I think my kids are starting to find me very stiff, but it is true that I stayed with six types of litter boxes, sometimes seven in season, under daring observation.
Ti-Mé and I understand each other.
There is a compost bin, where I balance the organic matter – except for those intended for my animals – that the city will collect.
There is a box for returnable bottles and cans, which I bored brought to the grocery store, where they are picked up. And I can’t wait for bottles of wine, hello, SAQ, to be one of them.
There is the bag in which I put the papers that will be used to light the fires, which is more and more rare thing.
There is the box where the shampoo packages go, the big bottles of moisturizer, hand soap, washed out, which will be transported to the grocery store without waste, as I buy more and more cleaning products for me and for the home. (The idea of throwing away those stain repellants, surface cleansers, or makeup removers increasingly annoys me, as if Greta and her buddies have reprogrammed me.)
There is a container for the rest of the recoverable materials.
There is a trash can that takes whatever is wrong with all the other trash cans.
I manage this myself. I watch. When a roll of cardboard paper ends up in the traditional basket, it annoys me. I put things in their place.
But every time I use the boxes labeled “drligne dreligne” – sometimes in the car, I don’t encounter any contradictions – because so many bottles collide there, I tell myself that it should happen even when there’s a new, simpler, less energy-consuming way . One can find a smart, easy-to-use solution between transporting packages by glove and the smooth consumption of empty containers.
Here comes the topic of this column: Loop.
TerraCycle’s sister Loop, Loop The company just launched its service in Canada, in association with Loblaw and many other brands of supermarket products sold here.
Loop as in “the company that fights single-use packaging” is not to be confused with Loop’s fruit juices, beer etc., Montreal company that fights food waste.
Loop disposable packaging was founded by Kennedy, but Tom Szaky of Torontonian, another garbage freak, decided differently to turn his passion – some might say obsessive – into business opportunities.
At Princeton University, where he studied in the early 2000s, he began Szaky TerraCycle, his main business. Initially, TerraCycle was dedicated to marketing vermicompost – earthworm tube, very rich compost – produced from kitchen waste and sold in packaging made from recycled plastic bottles.
But after having had strong success with this project, Szaky decided to broaden his approach and offer other solutions on the unlikely topic of recycling common waste, such as cigarette butts – which he turns into plastic – or dirty diapers.
Then, in 2017, he came up with another idea for another company, Loop: to create systems for brands to sell their consumer products in reusable packaging.
“At the moment, when we buy shampoo, for example, we buy the bottle and the shampoo, even if we don’t want the bottle, because we’ll end up throwing it away,” explains Eric Rosen, a spokesperson for the company. “With Loop, the brand only owns the bottle and sells the content.”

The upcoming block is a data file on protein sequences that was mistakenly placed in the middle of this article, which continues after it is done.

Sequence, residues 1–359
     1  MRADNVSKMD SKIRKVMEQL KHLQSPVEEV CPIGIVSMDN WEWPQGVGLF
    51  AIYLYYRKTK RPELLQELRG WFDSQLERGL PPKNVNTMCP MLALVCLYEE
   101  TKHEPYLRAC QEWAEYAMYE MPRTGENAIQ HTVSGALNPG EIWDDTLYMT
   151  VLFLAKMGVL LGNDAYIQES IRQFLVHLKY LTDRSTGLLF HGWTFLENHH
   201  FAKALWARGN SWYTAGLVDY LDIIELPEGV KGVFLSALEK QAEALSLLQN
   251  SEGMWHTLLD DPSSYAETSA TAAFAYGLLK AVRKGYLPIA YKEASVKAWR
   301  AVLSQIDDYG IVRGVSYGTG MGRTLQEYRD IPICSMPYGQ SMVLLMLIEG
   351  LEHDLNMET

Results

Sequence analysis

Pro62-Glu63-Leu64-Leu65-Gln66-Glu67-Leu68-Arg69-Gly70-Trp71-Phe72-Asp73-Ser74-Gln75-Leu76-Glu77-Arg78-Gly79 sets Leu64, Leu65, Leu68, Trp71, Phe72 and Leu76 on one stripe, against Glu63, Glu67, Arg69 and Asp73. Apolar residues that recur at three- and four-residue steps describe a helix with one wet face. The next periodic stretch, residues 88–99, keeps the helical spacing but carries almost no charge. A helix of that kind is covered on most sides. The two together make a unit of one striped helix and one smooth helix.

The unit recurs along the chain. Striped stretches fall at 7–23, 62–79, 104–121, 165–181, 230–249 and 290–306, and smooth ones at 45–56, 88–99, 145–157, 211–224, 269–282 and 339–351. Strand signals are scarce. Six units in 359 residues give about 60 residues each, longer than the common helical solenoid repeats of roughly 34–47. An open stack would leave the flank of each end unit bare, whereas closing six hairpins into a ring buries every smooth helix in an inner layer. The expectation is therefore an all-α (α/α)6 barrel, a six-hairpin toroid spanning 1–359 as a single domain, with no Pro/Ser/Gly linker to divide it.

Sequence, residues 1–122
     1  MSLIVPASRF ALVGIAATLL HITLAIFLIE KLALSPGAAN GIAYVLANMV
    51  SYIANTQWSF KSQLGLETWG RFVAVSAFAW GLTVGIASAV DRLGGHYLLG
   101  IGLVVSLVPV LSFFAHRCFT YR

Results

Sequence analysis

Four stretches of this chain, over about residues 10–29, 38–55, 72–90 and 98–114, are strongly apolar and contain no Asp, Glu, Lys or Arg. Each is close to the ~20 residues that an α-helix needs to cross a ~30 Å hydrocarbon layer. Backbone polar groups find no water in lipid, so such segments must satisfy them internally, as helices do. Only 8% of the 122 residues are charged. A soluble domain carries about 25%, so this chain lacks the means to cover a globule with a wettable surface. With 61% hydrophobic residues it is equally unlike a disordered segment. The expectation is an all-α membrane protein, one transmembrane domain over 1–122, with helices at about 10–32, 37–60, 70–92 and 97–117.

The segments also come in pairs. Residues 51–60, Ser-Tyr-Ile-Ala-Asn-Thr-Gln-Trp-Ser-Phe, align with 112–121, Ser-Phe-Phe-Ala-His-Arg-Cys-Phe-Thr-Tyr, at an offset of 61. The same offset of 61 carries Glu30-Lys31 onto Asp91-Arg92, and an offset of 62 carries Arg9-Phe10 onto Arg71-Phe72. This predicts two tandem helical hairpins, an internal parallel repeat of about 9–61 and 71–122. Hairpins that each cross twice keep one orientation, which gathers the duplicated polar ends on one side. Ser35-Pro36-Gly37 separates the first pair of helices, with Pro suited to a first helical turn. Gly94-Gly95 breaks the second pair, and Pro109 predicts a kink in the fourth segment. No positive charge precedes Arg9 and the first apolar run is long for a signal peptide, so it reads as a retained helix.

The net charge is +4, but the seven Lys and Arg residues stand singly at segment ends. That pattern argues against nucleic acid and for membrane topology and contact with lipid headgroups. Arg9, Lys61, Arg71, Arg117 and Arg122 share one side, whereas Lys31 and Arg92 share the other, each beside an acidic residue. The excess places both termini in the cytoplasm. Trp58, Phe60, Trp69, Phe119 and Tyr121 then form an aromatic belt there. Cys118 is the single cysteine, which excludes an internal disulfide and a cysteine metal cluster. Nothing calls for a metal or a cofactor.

So we shop online at Loopstore.ca and the products are delivered by FedEx and when we empty out the bottle of ketchup, juice, or oatmeal, we put it back into a Loop bag, which FedEx will pick up. After that, everything will be returned to the warehouse, then artificially washed as it should be and returned to the brands for refilling.
Eric Rosen doesn’t know yet when Loop will be introduced across Canada and thus in Montreal, but he’s in the plans. Currently, the company is working on a pilot project in the greater Toronto area. However, Loop is not in its early stages and already knows the logistical challenges of this area: it has already been in place in France and the US since 2019 and in the UK since 2020. The plan is to settle in Australia. And Japan in a few months.
Does this waste control company have a holistic approach? Dealing only with manufacturers of organic products? Are their products connected to an electric charger?
We haven’t gotten there yet, Rosen says.
But it is clear, he notes, that consumers are demanding products that respect the environment.
Moreover, even if many of Loop’s partner brands are associated with “green” options, such as Nature’s Path pills or organic promoter milks, the major players are targeting all audiences, who are clearly seeing the demand. It comes from everywhere, and they’ve started the project from the beginning. We are talking about giants like Unilever, Pepsi, and Procter & Gamble. Besides ethical coffee and organic lemonade, there are also Heinz ketchup, chips, and frank sauce.
I admit that if Loop arrives in Montreal, I would be very tempted to order. The bag that is delivered and picked up by the delivery agent will become the eighth destination of litter, but with such a fun certainty of the mind to do the right thing for the environment.
Electrical conductivity and a selection of organic and fair trade products will add a lot to the arguments to convince me.
But hey, you have to start somewhere.
And while I love my trash cans, I especially love knowing that what I throw out won’t happen in the middle of the ocean or in backyards for people who don’t want it more than me.
I can’t wait to land here.
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